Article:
Alpers-Springer Named Distinguished Professor at WWU

Melissa Alpers-Springer, assistant professor of communication at William Woods University, received the Louis D. Beaumont Dad’s Association Distinguished Professor Award for Excellence in Teaching at the university’s recent academic honors convocation.


The award carries an honorarium and is given annually to a faculty member who has displayed dedication to teaching.


Alpers-Springer, who lives in Columbia, has been in the teaching profession for 28 years and has been teaching at William Woods since 2008. Her areas of expertise include public speaking, voice and diction, oral interpretation, theatre performance technique and theatre history.


Teaching was not always in her plans. “To be perfectly honest, I wanted to be an actor with my name up in lights on a theatre marquee,” she says. “I soon realized that directing plays fed me so much more than acting ever did and directing and coaching acting is a kind of teaching.”


Her first taste of teaching college came in graduate school when she taught public speaking as a graduate instructor.


“Before grad school, I thought of teaching in terms of kids, but I realized early that elementary and secondary school is not for me, although, I accidentally taught seventh grade one year,” Alpers-Springer says.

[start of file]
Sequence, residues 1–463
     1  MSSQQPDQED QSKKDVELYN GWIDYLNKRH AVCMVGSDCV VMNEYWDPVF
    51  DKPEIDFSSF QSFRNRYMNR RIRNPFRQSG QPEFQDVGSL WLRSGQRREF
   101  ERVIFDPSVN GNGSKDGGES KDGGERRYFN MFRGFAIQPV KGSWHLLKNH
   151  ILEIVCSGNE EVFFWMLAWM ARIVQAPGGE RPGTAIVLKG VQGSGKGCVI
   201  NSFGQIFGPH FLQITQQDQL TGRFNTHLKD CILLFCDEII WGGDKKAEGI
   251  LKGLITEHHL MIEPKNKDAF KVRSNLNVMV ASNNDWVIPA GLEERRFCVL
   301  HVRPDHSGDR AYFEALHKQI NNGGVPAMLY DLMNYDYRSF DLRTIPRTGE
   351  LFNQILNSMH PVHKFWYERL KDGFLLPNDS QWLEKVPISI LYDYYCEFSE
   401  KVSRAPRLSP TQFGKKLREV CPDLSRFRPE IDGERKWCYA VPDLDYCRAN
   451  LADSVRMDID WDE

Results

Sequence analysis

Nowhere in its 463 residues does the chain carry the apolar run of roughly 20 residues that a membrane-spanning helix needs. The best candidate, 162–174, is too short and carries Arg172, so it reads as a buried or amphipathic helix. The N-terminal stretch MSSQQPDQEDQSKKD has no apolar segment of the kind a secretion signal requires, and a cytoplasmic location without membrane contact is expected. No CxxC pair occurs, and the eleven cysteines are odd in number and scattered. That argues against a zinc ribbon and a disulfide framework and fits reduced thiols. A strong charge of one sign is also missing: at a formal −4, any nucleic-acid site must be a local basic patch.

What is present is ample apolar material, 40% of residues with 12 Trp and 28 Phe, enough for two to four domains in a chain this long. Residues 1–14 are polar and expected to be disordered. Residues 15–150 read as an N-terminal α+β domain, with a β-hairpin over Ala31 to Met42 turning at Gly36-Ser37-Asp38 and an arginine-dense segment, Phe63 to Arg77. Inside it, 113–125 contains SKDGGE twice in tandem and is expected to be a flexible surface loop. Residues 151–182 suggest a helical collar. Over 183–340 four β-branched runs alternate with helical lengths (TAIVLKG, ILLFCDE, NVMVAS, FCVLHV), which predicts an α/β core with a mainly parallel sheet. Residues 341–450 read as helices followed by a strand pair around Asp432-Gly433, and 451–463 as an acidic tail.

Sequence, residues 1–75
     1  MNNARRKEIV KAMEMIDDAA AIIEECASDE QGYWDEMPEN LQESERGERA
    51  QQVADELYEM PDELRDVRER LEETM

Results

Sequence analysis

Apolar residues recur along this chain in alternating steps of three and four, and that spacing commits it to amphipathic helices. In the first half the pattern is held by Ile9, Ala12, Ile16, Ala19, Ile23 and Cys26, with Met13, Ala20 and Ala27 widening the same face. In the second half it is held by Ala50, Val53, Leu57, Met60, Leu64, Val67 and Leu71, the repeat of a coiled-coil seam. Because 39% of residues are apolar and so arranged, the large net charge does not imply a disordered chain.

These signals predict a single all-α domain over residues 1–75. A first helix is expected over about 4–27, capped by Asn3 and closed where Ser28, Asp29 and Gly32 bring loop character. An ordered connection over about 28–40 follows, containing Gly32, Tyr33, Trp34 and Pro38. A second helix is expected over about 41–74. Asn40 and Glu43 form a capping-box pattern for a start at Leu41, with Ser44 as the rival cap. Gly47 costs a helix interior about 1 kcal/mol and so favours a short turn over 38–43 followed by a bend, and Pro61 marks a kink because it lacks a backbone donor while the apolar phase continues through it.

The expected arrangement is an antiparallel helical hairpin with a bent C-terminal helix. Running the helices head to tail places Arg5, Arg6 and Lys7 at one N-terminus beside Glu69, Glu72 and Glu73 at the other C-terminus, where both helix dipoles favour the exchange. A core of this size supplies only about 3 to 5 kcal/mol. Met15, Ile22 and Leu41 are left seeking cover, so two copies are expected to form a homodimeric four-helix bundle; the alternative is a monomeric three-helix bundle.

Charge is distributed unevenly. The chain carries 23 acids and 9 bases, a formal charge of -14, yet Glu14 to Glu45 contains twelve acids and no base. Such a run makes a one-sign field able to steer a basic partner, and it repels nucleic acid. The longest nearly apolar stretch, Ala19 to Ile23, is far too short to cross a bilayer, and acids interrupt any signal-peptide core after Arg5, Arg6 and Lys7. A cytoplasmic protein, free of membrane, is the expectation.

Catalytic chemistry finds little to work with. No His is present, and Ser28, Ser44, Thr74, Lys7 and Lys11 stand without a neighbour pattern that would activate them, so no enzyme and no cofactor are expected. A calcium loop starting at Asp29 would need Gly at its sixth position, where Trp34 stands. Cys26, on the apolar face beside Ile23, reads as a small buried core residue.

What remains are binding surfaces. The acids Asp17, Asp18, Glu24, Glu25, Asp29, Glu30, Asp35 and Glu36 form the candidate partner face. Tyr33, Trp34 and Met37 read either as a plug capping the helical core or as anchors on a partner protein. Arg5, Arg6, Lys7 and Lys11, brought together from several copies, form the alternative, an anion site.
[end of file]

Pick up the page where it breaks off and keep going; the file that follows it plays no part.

A graduate of Missouri State University with a B.A. in theatre and interpretation, she received her master of arts degree in theatre history and theory and criticism from Northwestern University in Evanston, Ill., in 1988.


“I am much more suited to teaching college because I enjoy interacting with college-level students so much more. Their energy and our conversations help keep me young,” said Alpers-Springer.


She says her favorite part of teaching is definitely the students themselves.


“I find each of my students fascinating:  their strengths, their foibles, their struggles, their triumphs. What makes them tick? What are they interested in? What do they know?”


Alpers-Springer makes an effort to know her students outside of the classroom, too. She tries to connect with each of them by chatting before class, at Tucker Dining Hall and in the hallway.


“There is a level of trust that must be established between performance students and me, whether they are giving a speech or performing a monologue,” she says. “Building that trust and working together with students toward a common goal is exciting to me.”


When Alpers-Springer received the award, she was absolutely stunned. She says, “Aimee Sapp and Joe Potter did a great job of working behind the scenes to get my family there. It was a very nice surprise.”


Alpers-Springer has taught at seven different colleges and universities, and states that William Woods is a perfect fit. She says, “The administration and my colleagues create a great place to work, but the students are the reason I roll out of bed every morning.”